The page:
Young people who use cannabis regularly may be more likely to have anxiety and depression than others who don't. And they may have more problems in school, relationships, and work.
Can regular use lead to cannabis use disorder?
Some people who regularly use cannabis may develop a mild to severe cannabis use disorder. This can range from mild to severe (dependency). They may find it hard to control their use and keep using cannabis even though it's having harmful effects on their lives.
The risk of cannabis use disorder is higher in people who:
- Start using cannabis when they're young.
- Use it every day.
- Have other substance use disorders and mental health disorders.
People who use cannabis often and then quit may have withdrawal symptoms. These include anxiety, trouble sleeping, and intense cravings for the drug.
How can you reduce the risk of harm from cannabis use?
Using cannabis isn't risk-free. But there are things you can do to reduce your risk of getting sick or injured.
- Limit your cannabis use. Or don't use it at all. Experts recommend limiting yourself to occasional use, such as on weekends or 1 day a week at most.
- Don't drive or operate machinery after using cannabis. Using cannabis may affect your judgment, coordination, and decision making. It can also increase your risk of being in a car crash. Make plans to get home safely. For example, choose a designated driver or take a taxi or bus for a safe ride home.
- Don't smoke cannabis. The smoke can damage your lungs. If you do smoke it, don't breathe in deeply and don't hold your breath.
- Avoid using cannabis with alcohol or other drugs. Co-use can significantly increase impairment and risk. Smoking cannabis with tobacco can harm your lungs and respiratory system.
- Reduce the risk of medicine interactions. Cannabis can be dangerous if you use it with medicines that make you sleepy or control your mood. These include sedatives, anxiety drugs, antidepressants, and opioids. They may increase the effects of each. Cannabis can affect blood pressure, so use caution if you take medicine for this condition. It also increases the chance of bleeding if you're on blood thinners.
Know what you're using
- Choose lower THC products and read the label of any products you're thinking about trying.
- The strength and effects of cannabis can vary greatly depending on the method of use and the strain.
- Understand how soon you may feel the effects of the product you use, and how long those effects may last. The product label may also have this information.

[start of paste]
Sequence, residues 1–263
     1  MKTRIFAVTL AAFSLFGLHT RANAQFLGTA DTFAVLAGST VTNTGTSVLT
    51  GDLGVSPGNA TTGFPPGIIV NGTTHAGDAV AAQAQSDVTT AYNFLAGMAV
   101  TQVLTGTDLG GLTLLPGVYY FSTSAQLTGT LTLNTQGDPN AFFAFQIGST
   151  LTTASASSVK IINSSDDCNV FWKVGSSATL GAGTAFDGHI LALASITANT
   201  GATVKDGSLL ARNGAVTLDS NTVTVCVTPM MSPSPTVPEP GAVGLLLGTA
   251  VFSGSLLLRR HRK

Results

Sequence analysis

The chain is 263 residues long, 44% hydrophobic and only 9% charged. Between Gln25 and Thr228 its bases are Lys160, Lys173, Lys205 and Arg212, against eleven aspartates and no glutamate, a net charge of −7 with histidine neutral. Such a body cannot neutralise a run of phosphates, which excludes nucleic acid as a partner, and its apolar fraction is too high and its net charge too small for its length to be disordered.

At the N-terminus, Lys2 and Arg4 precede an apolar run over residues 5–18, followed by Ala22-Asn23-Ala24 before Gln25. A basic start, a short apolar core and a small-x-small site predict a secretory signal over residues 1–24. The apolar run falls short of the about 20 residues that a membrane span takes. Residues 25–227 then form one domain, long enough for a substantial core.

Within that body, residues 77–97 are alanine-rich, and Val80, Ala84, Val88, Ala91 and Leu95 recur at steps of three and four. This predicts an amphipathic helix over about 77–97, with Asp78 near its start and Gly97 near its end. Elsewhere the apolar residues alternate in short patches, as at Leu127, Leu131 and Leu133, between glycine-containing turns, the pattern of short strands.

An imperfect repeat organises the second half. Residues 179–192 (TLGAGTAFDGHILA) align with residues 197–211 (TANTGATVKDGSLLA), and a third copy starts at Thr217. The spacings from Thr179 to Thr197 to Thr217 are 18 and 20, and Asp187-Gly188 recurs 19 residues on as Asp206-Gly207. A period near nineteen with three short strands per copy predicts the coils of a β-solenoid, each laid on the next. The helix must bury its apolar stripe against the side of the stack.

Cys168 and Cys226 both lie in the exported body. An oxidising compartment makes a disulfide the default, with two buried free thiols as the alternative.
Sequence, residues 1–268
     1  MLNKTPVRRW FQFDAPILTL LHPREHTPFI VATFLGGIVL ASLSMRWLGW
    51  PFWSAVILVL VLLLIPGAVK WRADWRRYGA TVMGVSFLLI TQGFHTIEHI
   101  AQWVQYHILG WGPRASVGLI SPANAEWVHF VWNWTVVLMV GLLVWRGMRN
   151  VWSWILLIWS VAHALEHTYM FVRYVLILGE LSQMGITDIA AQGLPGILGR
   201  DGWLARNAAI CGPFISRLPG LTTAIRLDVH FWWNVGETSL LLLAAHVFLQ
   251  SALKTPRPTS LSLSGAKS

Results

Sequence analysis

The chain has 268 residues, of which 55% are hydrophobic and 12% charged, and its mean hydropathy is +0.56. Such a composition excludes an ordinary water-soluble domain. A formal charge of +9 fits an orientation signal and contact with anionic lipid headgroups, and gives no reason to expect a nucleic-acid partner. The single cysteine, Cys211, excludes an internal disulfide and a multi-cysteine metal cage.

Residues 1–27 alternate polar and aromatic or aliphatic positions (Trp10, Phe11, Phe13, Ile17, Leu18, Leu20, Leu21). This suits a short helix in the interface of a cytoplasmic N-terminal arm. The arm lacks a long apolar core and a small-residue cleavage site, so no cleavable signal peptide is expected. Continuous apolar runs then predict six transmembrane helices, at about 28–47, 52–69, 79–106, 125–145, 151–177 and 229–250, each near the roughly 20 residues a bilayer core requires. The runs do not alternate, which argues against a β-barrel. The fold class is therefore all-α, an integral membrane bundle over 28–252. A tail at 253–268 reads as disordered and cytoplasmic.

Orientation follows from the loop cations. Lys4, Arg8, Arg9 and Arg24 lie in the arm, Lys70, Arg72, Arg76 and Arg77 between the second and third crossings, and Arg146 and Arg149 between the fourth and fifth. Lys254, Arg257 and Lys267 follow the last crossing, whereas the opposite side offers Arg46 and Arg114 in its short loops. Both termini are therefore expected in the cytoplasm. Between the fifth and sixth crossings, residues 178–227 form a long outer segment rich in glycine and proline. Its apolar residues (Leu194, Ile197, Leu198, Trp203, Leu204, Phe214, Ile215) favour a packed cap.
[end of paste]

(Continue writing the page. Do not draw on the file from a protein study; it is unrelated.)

- Don't use synthetic cannabis, such as K2 and Spice. These drugs are stronger than cannabis and can have very bad side effects.
Keep others safe
- Store cannabis in a safe and secure place. This is especially important with edible cannabis, which can be easily mistaken for treats or snacks. Make sure that children, friends, family, and pets can't get to them.
- Protect others from second-hand smoke. Smoke it outside or choose a room where you can open a window or use a fan to get the smoke outside. If you're around someone who is smoking cannabis, you may feel some effects of the drug.
Know when to call for help
Don't be afraid to call if you or someone you know needs medical care. The reason for the call won't be reported to the police.
- Fischer B, et al. (2017). Lower-risk cannabis use guidelines: A comprehensive update of evidence and recommendations. American Journal of Public Health, 107(8): e1–e12. DOI: 10.2105/AJPH.2017.303818. Accessed July 18, 2018.
- Government of Canada (2018). Cannabis and mental health. Government of Canada. https://www.canada.ca/en/health-canada/services/drugs-medication/cannabis/health-effects/mental-health.html. Accessed July 18, 2018.
- Government of Canada (2018). Cannabis health effects. Government of Canada. https://www.canada.ca/en/services/health/campaigns/cannabis/health-effects.html. Accessed July 18, 2018.
- Government of Canada (2018). Health effects of cannabis. Government of Canada. https://www.canada.ca/en/healthcanada/services/drugs-medication/cannabis/health-effects/effects.html. Accessed July 18, 2018.
- Government of Canada (2018). About cannabis. Government of Canada. https://www.canada.ca/en/health-canada/services/drugs-medication/cannabis/about.html. Accessed July 18, 2018.
- Porath-Waller, AJ (2015). Clearing the smoke on cannabis: Maternal cannabis use during pregnancy—An update. Canadian Centre for Substance Abuse. http://www.ccsa.ca/Resource%20Library/CCSA-Cannabis-Maternal-Use-Pregnancy-Report-2015-en.pdf. Accessed July 18, 2018.
- Holitzki H, -et al. (2017). Health effects of exposure to second- and third-hand marijuana smoke: A systematic review. Canadian Medical Association Journal Open, 5(4): E814–E822. DOI: 10.9778/cmajo.20170112. Accessed July 19, 2018.
Adaptation Date: 10/10/2018
Adapted By: HealthLink BC
Adaptation Reviewed By: HealthLink BC